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A Question of Scruples


Producer: Sunbow/Worldvision
Host: Bobby Collins
Announcer: Dick ?
Taping Info: Late 80s/Early 90s (based on fashions, set design, etc.)
Made it to Air: See below
Other Pilots: See below

Trivial Pursuit was a hot import board game from Canada in the early 80s. In the late 80s, although at best lukewarm, another game from Canada came forth, and that was A Question of Scruples. So, if Trivial Pursuit could be made into a successful game show, so could this, right? You mean it wasn't? Oh well, we're going to try anyway. Your host is comedian Bobby Collins, who you may know from being the second host of VH-1's Stand-Up Spotlight.

For the first round, two yes and no questions are asked to each team for a total of four questions, such as "Would you return the insurance money after finding a diamond ring you had lost?" Bobby small talks the players, and the audience votes. The team receives 10 points for each match with the audience majority. The "percentage" vote of the audience always added to 99, probably to prevent ties. After this round, the "Classics" (a team of old ladies) has 30 points, while the "TMP-ations" have nothing.

The second round featured one question for each team, with majority ruling for the audience match. The other team could "challenge" and risk any earned points on the other answer. In this instance, the TMP-ations not only got 30 points for their correct answer, but risked 20 of their own on the opposite question and was successful. At this point they have a 50-30 lead.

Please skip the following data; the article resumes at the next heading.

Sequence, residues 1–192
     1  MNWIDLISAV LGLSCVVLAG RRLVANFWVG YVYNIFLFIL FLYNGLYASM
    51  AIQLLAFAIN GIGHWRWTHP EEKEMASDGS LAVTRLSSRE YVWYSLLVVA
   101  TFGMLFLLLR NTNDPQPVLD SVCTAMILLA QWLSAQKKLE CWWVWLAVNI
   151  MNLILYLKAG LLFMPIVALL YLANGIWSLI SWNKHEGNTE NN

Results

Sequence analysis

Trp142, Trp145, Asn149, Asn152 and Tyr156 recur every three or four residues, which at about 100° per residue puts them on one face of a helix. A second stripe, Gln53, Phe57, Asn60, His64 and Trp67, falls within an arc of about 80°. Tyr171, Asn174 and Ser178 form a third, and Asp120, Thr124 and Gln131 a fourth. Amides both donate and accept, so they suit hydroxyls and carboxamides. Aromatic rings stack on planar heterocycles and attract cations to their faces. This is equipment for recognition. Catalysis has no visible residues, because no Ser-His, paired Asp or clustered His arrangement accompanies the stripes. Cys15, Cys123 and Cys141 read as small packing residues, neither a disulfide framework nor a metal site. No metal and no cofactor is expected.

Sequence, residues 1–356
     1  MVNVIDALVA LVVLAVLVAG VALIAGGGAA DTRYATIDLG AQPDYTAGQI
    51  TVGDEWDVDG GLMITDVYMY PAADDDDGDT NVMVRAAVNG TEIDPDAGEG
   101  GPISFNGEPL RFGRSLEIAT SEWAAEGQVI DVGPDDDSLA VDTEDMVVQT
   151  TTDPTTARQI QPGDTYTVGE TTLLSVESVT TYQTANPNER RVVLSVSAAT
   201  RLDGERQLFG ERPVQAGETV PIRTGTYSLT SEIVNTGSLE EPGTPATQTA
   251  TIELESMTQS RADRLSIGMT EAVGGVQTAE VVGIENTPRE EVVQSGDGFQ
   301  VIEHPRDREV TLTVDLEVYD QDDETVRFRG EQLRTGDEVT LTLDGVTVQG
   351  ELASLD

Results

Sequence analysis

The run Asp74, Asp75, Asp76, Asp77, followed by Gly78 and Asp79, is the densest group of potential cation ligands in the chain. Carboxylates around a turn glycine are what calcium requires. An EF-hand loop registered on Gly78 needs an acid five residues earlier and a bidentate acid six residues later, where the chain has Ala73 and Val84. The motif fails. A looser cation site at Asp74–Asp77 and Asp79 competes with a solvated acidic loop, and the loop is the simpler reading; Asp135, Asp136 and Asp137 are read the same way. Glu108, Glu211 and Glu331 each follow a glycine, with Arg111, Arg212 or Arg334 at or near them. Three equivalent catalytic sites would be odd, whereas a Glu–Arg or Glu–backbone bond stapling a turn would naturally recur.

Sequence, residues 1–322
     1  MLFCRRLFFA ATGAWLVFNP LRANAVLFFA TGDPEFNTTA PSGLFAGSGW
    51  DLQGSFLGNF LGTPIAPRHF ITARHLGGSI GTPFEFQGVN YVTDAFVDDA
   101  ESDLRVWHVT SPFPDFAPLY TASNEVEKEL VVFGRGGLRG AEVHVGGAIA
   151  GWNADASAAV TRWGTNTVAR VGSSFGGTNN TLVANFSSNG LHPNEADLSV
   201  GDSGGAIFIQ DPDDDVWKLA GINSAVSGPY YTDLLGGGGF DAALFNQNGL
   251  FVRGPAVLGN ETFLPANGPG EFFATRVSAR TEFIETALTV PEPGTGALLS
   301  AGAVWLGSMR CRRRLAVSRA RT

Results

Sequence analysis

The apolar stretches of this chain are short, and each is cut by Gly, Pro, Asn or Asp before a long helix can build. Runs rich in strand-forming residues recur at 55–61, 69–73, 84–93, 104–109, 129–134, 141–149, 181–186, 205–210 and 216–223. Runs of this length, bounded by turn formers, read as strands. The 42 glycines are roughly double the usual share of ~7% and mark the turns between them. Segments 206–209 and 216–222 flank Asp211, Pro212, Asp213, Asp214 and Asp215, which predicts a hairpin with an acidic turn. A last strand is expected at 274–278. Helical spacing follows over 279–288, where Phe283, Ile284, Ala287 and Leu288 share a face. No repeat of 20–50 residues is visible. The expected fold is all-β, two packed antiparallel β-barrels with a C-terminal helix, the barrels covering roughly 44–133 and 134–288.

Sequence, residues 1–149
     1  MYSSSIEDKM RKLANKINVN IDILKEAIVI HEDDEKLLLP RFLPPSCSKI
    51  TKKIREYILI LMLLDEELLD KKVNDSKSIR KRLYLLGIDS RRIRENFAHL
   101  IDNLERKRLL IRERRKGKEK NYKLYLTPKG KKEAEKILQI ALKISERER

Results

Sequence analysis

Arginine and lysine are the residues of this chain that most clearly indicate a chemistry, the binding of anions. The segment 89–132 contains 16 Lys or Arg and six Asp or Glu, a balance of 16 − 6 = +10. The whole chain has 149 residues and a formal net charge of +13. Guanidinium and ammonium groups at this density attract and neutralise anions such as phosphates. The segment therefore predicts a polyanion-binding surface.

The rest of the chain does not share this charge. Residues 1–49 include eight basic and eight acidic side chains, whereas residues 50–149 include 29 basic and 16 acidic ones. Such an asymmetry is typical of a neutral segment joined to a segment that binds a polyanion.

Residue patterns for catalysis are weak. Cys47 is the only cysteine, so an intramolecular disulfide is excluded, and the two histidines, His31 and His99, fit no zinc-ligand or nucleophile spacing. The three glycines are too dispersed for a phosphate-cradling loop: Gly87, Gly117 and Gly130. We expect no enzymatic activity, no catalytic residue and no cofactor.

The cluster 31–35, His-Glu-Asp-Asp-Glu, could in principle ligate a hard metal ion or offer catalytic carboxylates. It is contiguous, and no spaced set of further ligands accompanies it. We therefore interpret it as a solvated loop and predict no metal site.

The third round was back to individual matching, for 20 points this time. Both teams sent in the question, sent in by a "home viewer." The teams ended up tied at 90, so a tiebreaker was put into play. Before the show, each team guessed on what the percentage of the higher audience vote on the final question. The Classics were able to pull out a closer number out of their butts, and moved on to the bonus game.

For the bonus round, one of the three players is on stage while the other two are in the classic sound proof booth. This one player is asked five questions. After all five are done, the other two come out, and hear the same questions. They must decide on one answer, and if they match, win a prize card. After all five are done, the players then pick their cards. The prizes ranged on the low end to a coffee maker to a high of $3,000. In this game, they matched three times and won a home security system, a Renaissance Jester and a home massage.

Overall, they did about as best you can with this game, which is not much. They managed to vary the rounds, the banter with the contestants was about at the right amount, but you can't make a decent game out of trying to guess what other people think. Over time, players would just learn it's not about what you think, but it's trying to match the audience, and you've just invented Binary Family Feud.

I frankly do not know if this is even a pilot. It is marked as "Show #8", which is very unusual for a pilot. It had fee plugs. However, there is also no indication of it ever airing. It's not on any of Bobby Collins' on-line résumés. There was a show titled A Question of Scruples offered in 1989, but it was a talk show hosted by Mike Jerrick and Rita Moreno?!? And there is a listing for two weeks in the summer of 1990 of a show titled A Question of Scruples airing in the Kansas City market (and no others). There is no indication whether it was this or the talk show.

This pilot has been viewed 1135 times since October 6, 2008 and was last modified on Jan 11, 2010 20:25 ET
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